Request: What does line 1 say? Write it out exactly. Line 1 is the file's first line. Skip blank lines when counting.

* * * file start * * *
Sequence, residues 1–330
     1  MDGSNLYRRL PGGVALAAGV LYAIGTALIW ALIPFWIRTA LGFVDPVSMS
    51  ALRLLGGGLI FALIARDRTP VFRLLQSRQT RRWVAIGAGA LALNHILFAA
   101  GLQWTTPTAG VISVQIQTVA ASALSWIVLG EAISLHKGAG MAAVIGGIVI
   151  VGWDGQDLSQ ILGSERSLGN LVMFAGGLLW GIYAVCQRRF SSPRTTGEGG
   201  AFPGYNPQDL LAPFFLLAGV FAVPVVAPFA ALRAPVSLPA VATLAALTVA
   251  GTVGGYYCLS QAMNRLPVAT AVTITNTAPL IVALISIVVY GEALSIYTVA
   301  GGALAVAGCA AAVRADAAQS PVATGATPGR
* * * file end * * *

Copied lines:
Sequence, residues 1–330